(Corrects source of quote, paragraphs 12, 13)
* The Phnom Penh Post sold to a Malaysian investor
* Human Rights Watch says sale is a “disaster” for media freedom ahead of July general election
* Editor-in-chief says fired over article about sale
By Amy Sawitta Lefevre
BANGKOK, May 7 (Reuters) - The purchase of the Phnom Penh Post by a Malaysian whose public relations firm lists Cambodia’s long-serving Prime Minister Hun Sen as a client is a “disaster” for media freedom ahead of a general election, an international rights group said on Monday.
In power for 33 years, Hun Sen and his allies have cracked down on perceived critics, opposition politicians, independent media and human rights groups ahead of the July 29 vote.
The sale of the English-language daily, which has been largely critical of the government, was announced on Saturday by Australian businessman Bill Clough, who had owned the newspaper since 2008.
On Monday, the newspaper’s editor-in-chief said he was fired for allowing the publication of an article about the sale, while several staff members said on social media that they had quit.
The new owner is Malaysian investor Sivakumar Ganapathy, an executive director at Asia Public Relations Consultants Sdn Bhd, headquartered in Kuala Lumpur.
The PR firm’s website referred to “Cambodia and Hun Sen’s entry into the Government seat” as one of its projects. It also described Ganapathy as leading a team managing “covert operations” for its clients. It did not elaborate.
Phil Robertson, deputy Asia director of Human Rights Watch, said the deal was a “disaster for media freedom”, telling Reuters that “the only plausible rationale for this acquisition is to blunt the Post’s critical coverage of the government.”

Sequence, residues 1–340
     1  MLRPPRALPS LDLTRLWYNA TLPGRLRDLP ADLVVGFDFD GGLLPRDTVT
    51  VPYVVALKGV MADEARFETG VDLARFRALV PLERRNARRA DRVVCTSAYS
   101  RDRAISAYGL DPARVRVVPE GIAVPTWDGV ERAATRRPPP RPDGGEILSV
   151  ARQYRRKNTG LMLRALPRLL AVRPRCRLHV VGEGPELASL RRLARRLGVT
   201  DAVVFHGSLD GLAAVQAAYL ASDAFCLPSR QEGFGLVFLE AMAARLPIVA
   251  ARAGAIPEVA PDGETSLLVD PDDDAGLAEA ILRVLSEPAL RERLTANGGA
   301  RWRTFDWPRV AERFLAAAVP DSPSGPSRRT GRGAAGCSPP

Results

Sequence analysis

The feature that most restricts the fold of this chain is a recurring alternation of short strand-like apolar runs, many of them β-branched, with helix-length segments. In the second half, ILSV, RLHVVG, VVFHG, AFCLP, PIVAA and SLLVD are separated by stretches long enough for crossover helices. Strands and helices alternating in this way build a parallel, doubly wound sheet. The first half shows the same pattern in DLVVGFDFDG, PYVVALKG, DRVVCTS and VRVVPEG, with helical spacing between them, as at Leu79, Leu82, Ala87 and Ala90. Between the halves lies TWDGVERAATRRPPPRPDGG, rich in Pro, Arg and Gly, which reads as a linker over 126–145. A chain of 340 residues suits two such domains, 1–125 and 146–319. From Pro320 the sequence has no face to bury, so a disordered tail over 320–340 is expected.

Reuters called Asia PR’s headquarters seeking comment, and was told that Ganapathy was not available. In response to an email, his assistant, Krishna Kumaar, said Ganapathy was expected to return in two weeks.
Calls to Asia PR’s Phnom Penh office were unanswered.
“They fired me,” the newspaper’s editor-in-chief, Kay Kimsong, told Reuters, adding the reason was a report the newspaper published about the sale.
“They said that as editor-in-chief I allowed the story about the sale of the Phnom Penh Post to be published.”
Four other staff members said on Twitter on Monday they had resigned including Brendan O’Byrne, who said the new management had ordered him to remove the online version of the report about the sale of the newspaper.
“I refused and offered my resignation, which was accepted,” O’Byrne wrote on Twitter.
The Overseas Press Club of Cambodia (OPCC) voiced its concerns about the sale “to a Malaysian investor whose PR company is connected to Prime Minister Hun Sen”.
Huy Vannak, undersecretary of state at the Interior Ministry, told Reuters the government welcomed “all investors” to Cambodia.
He did not specifically address links between the newspaper’s new owner and the government.
About 30 radio stations were shut last year and the Cambodia Daily, an English-language newspaper, shut down after it was ordered to pay millions of dollars in back taxes by the government or face closure.
In a 2018 press freedom index published by Reporters Without Borders, Cambodia dropped 10 places from 132 to 142.
Founded in 1992, the Phnom Penh Post was reportedly slapped with a $5 million tax bill last year, according to reports by the Australian Broadcasting Corporation.
In a statement on Saturday, former owner Clough said the tax issue had been resolved, and that the sale was prompted by a “worldwide decline in market share for newspaper advertising” which had also been felt in Cambodia.
Additional reporting by Phnom Penh bureau and Prak Chan Thul Writing by Amy Sawitta Lefevre Editing by Simon Cameron-Moore